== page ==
Remember that you are love. The same love that is the Instigating Force driving all of creation. Therefore, you can never be separated from It. You can forget your connection, but it is never lost and you need no special training or ritual to be aware of what you are and the wisdom that is your birthright.
Here is a link to a video related to this post that includes a guided experience that you can use to help you start your journey, and to a PDF that outlines the exercises from the video. Take a moment to still yourself and do whatever practice you use to have a dialogue with yourSelf and see what comes up. Ask yourSelf, or whatever wise aspect of All That Is you connect to most easily: And if so, what does that mean, and what does it look like and feel like inside of me and in my life?
Be in relationship in this process and share your doubts, fears, frustrations and confusion about why you sometimes feel disconnected from love. You can visualize the conversation in a meditative state, do automatic writing to share your feelings and then write what you receive in return, or speak out loud and then be still to hear or sense the loving response. One thing to note: The voice of Truth is always loving, even when it says difficult things.
If you hear judgmental or mean responses you are likely still running through the tapes in your head. Among adults, those who have different socio-economic status, different cultural values, lower professional status in the workplace, and different views on gender roles or sexuality are frequently targets of bullying. Another most frequently used social representation on bullying causes refers to the explanation of bullying as social positioning; in other words, bullying takes place because it is an expression of a struggle for status, popularity, power, or friends Thornberg, Quite often the need to appear popular among peers or influential among friends motivates bullies to target victims; particularly in social situations.
Bullying Preventions Anti-Bullying Movements and Legislation Within the last decade, as research has expanded and individual awareness of bullying has increased, several cultural movements against bullying have gained popularity; especially among youth, youth organizations, and in the marketing and advertising world. Violent acts such as suicide that appeared to be a direct result of bullying has garnered much media attention and consequently, has influenced celebrities and influential people to develop campaigns against bullying designed to increase awareness.
Television and social media has been instrumental in the expansion of these anti-bullying movements. Anti-Bullying Legislation in U. States Along with these anti-bullying campaigns, recent history has also seen an increased demand especially in the U. The more violent acts resulting from bullying has traditionally and especially recently become the object of media attention. This increase in legislation is a clear indication that bullying, its scope, and its effects are not only becoming more prevalent but its negative effects on the individual, group, community, and country are becoming better understood and more readily addresses.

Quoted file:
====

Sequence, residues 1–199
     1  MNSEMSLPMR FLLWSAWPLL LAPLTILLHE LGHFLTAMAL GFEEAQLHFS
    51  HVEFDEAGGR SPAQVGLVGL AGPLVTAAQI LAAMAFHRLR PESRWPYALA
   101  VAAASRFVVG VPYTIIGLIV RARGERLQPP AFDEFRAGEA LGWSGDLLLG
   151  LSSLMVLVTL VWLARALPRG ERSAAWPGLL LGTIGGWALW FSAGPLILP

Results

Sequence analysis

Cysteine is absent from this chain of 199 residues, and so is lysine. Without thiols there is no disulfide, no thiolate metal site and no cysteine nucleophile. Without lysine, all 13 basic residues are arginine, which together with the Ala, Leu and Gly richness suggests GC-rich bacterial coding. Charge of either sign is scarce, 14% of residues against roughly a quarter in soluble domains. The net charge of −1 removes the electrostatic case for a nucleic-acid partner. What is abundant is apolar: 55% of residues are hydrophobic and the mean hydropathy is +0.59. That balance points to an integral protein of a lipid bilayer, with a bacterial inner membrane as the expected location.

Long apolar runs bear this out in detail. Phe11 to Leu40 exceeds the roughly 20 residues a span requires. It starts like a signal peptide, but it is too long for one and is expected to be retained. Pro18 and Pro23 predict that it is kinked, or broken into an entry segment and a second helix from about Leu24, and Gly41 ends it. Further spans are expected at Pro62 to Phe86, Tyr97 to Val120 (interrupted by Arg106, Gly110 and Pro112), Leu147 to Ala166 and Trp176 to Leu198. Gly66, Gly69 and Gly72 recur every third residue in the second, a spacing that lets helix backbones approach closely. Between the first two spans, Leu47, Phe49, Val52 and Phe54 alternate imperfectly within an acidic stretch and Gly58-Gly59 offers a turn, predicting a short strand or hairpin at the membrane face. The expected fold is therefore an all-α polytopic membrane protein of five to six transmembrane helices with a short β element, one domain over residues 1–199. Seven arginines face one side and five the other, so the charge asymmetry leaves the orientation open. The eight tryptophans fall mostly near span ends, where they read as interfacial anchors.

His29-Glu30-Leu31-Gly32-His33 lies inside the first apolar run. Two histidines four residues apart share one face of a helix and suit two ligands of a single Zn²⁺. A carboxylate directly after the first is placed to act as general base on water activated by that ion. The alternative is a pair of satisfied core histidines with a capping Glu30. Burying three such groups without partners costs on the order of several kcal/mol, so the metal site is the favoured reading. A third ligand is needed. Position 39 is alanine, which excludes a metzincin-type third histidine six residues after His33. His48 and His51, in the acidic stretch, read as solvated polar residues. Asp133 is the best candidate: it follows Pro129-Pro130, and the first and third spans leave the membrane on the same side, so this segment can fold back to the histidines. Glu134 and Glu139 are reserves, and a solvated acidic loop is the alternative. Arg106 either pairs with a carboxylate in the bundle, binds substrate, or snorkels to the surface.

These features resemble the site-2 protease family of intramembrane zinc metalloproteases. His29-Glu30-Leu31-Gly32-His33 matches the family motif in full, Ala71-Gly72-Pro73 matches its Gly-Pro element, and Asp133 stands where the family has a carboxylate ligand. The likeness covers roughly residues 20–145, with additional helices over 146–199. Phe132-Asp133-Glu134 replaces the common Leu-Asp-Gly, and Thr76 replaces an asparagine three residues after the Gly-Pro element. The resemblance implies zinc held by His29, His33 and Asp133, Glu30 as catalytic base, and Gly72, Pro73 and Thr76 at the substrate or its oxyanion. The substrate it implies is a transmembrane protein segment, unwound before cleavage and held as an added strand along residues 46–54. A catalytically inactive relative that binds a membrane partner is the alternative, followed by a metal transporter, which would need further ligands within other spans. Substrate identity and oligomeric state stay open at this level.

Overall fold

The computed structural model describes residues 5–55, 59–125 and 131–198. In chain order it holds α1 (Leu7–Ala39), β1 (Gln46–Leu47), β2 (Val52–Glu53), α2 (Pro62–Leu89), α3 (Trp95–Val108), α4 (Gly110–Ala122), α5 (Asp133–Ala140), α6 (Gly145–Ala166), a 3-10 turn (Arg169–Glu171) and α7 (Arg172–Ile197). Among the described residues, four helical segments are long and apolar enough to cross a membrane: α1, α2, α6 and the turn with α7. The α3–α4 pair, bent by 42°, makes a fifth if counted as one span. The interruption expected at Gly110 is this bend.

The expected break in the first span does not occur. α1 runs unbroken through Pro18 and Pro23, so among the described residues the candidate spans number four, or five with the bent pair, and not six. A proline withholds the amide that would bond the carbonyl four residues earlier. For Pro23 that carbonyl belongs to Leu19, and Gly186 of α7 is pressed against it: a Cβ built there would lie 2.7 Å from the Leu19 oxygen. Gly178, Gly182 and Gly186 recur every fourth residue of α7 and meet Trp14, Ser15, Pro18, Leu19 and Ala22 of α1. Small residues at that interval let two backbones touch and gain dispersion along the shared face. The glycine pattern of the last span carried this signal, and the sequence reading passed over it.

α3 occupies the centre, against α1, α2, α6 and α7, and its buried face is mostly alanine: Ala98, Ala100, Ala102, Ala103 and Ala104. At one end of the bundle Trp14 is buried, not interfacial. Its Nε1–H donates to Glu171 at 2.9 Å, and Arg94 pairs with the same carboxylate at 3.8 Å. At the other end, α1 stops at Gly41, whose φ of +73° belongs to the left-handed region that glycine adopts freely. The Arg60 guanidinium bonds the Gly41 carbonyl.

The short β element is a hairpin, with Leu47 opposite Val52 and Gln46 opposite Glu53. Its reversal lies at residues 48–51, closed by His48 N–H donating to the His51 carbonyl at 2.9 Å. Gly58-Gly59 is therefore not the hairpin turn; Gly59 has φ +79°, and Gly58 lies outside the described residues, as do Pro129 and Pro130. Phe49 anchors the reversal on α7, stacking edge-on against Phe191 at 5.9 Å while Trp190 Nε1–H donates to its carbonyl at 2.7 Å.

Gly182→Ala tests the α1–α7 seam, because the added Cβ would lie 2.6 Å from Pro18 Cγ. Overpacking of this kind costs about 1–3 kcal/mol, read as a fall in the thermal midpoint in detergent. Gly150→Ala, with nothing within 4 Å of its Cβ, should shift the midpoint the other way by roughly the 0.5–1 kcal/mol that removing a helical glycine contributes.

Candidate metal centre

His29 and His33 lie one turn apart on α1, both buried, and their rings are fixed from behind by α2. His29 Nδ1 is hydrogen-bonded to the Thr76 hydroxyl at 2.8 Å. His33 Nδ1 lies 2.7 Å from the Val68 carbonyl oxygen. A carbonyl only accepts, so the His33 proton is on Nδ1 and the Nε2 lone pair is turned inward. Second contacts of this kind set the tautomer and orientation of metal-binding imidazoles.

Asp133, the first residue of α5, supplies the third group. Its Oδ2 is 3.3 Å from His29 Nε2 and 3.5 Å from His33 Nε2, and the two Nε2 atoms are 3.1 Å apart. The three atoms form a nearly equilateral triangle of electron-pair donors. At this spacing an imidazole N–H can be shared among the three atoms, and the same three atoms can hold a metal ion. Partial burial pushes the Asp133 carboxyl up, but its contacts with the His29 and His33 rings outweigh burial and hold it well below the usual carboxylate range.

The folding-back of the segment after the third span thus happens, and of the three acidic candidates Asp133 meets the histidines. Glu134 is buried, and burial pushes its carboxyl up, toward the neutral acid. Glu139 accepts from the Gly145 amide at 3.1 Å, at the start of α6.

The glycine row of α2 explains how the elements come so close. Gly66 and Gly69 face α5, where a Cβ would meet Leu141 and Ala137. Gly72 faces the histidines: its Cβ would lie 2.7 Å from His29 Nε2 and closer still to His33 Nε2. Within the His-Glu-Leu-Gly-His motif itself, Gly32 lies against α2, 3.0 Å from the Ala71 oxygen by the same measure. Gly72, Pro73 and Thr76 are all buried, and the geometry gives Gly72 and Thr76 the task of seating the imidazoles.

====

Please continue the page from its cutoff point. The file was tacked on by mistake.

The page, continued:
Bullying Interventions Responses to Bullying Although most individuals disapprove of bullying, very few intervene and sometimes directly promote the behavior with their unwillingness to address the bully or assist the victim.
Often, bullying happens in the presence of groups of uninvolved bystanders. Research has indicated that if a bully encounters a negative response from an individual or group, it clearly challenges the behavior of the bully and indicates that the group views the behavior as unacceptable. This intervention has the potential to decrease the likelihood of the behavior continuing and create an environment or culture that rejects the behavior altogether. Open communication, conversation, and discussions with peers, parents, and psychologists, appear to be the most effective influence of individuals becoming more comfortable with intervening when bullying occurs.
Those who have been the targets of bullying can suffer from long- term emotional and behavioral problems. Bullying can cause loneliness, depression, anxiety, lead to low self-esteem and increased susceptibility to illness. She loves her as an elderly man loves a young mistress who tortures him.
It was a passion that was twisted and morbid; it caused her many humiliations; sometimes it made her ashamed of herself. She feared that her mother was making her ridiculous in the eyes of her friends. Also she felt that she was not like that. She was different; colder, more fastidious, less robust. Her mother was ignoring the real daughter in this flood of adoration for a daughter who did not exist. She was forced to curb her; to assert her own identity.
The daughter does not love her. That is a thought so bitter, and a fear so perpetual and so profound, that life loses its savour; she has recourse to sages, to poets to console her; and reflects with sadness upon the vanity of life; and how death will come. Then, too, she is agitated beyond what is right or reasonable, because a letter has not reached her. Then she knows that she has been absurd; and realizes that she is boring her friends with this obsession.
What is worse, she has bored her daughter. And then when the bitter drop has fallen, up bubbles quicker and quicker the ebullition of that robust vitality, of that irrepressible quick enjoyment, that natural relish for life, as if she instinctively repaired her failure by fluttering all her feathers; by making every facet glitter.
She is happiest alone in the country. She loves rambling alone in her woods. She loves going out by herself at night. She loves hiding from callers. She loves walking among her trees and musing. She loves the gipsy girl who dances, as her own daughter used to dance, but not of course so exquisitely.
It is natural to use the present tense, because we live in her presence. We are very little conscious of a disturbing medium between us—that she is living, after all, by means of written words. But now and then with the sound of her voice in our ears and its rhythm rising and falling within us, we become aware, with some sudden phrase, about spring, about a country neighbour, something struck off in a flash, that we are, of course, being addressed by one of the great mistresses of the art of speech.